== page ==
# The closed form of $\sum_{n=2}^\infty(-1)^{n+1}\frac{\psi(n)}n\log(n)$

The following series I'm interested in $$\sum_{n=2}^\infty(-1)^{n+1}\frac{\psi(n)}n\log(n)$$

where $\psi(n)$ is digamma function

arose in the evaluation of an integral I posted on MSE, https://math.stackexchange.com/questions/857301/evaluation-of-int-01-frac-log1x1x-log-left-log-left-frac1x-rig and as it can be easily seen, after a while all
gets reduced to computing the foregoing series. The investigations that were done so far led nowhere, no closed form could be found. My intuition tells me there is a closed form, and that's the main reason
for that I also posted the question here. To summarize, I have the following questions:

$$a). \text{Is this series known in literature? If yes, could you name some sources?}$$

$$b). \text{How would you recommend me to tackle this series? }$$

$$c). \text{I would appreciate if anyone would do some research on it. }$$

Please consider this question comes from a person with no background in mathematics.

• What is $\psi(n)$? Please give the definition here. – GH from MO Nov 7 '14 at 20:12
• My intuition tells me there isn't a closed form. – Greg Martin Nov 8 '14 at 2:40

• Explicit summation over $n$ with a finite upper limit. Knowing an explicit formula for the finite sum and taking the upper limit to infinity would give the desired series sum. There are methods that can check whether there exists an anti-difference (like an anti-derivative, but for sums instead of integrals) in a large class of functions, like those of hypergeometric type, e.g., Zeilberger's algorithm. Such algorithms are actually already implemented in Mathematica and Maple. So, since asking one of these computer algebra systems doesn't yield an answer, this method probably doesn't work.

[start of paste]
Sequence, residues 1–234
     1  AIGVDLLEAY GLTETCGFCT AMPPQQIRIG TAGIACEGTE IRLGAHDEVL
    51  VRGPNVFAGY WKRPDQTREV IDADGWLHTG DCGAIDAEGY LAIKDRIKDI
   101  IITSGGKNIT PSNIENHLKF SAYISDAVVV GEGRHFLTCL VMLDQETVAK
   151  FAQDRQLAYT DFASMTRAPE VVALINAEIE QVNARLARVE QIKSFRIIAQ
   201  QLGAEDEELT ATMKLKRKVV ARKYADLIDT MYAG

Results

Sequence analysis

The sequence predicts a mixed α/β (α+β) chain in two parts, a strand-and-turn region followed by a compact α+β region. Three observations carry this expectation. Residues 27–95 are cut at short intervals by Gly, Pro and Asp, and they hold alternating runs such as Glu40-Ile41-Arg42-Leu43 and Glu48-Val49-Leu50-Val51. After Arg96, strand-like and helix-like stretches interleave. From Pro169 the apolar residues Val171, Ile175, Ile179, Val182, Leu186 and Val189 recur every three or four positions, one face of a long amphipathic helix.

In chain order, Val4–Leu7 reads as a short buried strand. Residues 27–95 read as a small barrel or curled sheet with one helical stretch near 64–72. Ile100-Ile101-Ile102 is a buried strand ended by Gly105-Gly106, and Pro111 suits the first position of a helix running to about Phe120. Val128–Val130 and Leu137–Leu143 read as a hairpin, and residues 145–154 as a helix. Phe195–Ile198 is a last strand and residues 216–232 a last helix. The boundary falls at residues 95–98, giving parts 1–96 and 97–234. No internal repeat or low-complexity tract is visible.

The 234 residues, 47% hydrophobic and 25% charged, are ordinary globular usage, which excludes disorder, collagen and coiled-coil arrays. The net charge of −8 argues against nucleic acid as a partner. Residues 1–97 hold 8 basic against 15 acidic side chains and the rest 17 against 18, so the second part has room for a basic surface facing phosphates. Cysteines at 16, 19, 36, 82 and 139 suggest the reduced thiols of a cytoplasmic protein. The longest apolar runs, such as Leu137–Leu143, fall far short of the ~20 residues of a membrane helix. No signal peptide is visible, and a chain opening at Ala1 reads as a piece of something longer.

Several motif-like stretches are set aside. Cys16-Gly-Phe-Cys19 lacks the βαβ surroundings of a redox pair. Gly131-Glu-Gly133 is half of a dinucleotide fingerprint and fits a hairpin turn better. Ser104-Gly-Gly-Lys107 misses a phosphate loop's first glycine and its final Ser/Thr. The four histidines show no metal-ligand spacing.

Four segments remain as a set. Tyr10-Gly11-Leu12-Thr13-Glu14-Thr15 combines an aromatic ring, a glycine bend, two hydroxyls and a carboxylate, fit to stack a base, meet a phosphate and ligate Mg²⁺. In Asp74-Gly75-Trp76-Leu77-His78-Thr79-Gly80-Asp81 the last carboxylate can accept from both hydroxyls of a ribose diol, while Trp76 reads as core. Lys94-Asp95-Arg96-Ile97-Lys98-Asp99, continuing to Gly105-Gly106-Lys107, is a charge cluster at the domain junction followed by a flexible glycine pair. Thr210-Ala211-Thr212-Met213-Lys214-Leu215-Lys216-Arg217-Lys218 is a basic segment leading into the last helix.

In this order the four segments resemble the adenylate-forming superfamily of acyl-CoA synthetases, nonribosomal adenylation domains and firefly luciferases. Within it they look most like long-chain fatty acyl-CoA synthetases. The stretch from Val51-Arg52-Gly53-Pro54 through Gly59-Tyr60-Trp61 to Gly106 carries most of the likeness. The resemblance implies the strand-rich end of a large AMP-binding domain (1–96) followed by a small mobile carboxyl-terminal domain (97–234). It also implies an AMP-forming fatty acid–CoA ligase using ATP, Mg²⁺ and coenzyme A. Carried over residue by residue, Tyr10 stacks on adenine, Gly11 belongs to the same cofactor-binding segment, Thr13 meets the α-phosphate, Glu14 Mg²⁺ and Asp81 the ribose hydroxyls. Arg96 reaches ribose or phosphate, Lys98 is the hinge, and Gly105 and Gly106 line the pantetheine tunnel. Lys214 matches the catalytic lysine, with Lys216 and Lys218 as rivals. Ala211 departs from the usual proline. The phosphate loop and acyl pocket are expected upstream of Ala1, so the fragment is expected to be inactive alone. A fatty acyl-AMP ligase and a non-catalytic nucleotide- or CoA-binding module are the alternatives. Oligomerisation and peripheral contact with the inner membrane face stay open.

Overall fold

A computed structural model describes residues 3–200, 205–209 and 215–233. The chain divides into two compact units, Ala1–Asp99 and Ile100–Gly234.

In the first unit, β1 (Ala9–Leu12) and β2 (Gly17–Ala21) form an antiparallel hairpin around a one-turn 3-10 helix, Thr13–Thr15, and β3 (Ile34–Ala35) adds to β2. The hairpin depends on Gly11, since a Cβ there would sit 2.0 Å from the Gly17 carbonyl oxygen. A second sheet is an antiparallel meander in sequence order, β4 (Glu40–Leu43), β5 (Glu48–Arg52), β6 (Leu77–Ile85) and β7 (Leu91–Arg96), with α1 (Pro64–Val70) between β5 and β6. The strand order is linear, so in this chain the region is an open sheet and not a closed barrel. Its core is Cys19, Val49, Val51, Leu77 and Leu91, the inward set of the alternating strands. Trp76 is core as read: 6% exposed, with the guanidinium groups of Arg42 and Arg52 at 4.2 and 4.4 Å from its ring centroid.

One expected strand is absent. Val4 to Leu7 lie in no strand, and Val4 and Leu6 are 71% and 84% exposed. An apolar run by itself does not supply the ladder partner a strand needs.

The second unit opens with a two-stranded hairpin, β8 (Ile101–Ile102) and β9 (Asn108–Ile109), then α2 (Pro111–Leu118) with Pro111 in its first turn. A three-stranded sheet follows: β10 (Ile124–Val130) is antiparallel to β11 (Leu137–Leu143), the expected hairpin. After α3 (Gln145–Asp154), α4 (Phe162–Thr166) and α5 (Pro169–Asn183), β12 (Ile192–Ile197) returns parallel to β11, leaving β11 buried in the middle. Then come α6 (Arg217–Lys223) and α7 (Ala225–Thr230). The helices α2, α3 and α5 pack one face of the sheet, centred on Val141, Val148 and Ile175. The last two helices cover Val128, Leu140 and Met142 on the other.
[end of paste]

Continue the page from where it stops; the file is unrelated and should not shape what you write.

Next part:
• Representation as a sum of residues. Is there a function $g(z)$ and a contour in the complex $z$-plane such that the series equals the sum of residues of $g(z)$ inside this contour? Here are a couple of candidates, $g(z) = -\frac{\pi}{\sin(\pi z)} \frac{\psi(z)}{z} \log z$ or $g(z) = -\frac{1}{2}(\psi(\frac{-z+1}{2})-\psi(\frac{-z}{2})) \frac{\psi(z)}{z} \log z$, with the contour in both cases hugging the positive real axis. The simplification in this representation could come from the ability to deform the contour to encircle an alternative set of poles, with simpler structure, without changing the value of the integral. In this case, the complicated structure of the poles that appear on the negative real axis and the necessary logarithmic branch cut starting at $z=0$, does not seem to lead to any simplification.
• Fourier series and Parseval's identity. This is the method that is often used to compute the sum $\sum_{n=1}^\infty \frac{1}{n^2}$. The summand is split into a product of Fourier coefficients of two known functions and the sum is transformed into an integral of the product of these functions. (One can also use a slight variation of the method with power series instead of Fourier series, as shown here.) While the integral in question can be factored in multiple ways that give Fourier series of known functions (e.g., with Mathematica's help). Their product doesn't seem to be of the type that would have a closed form itself.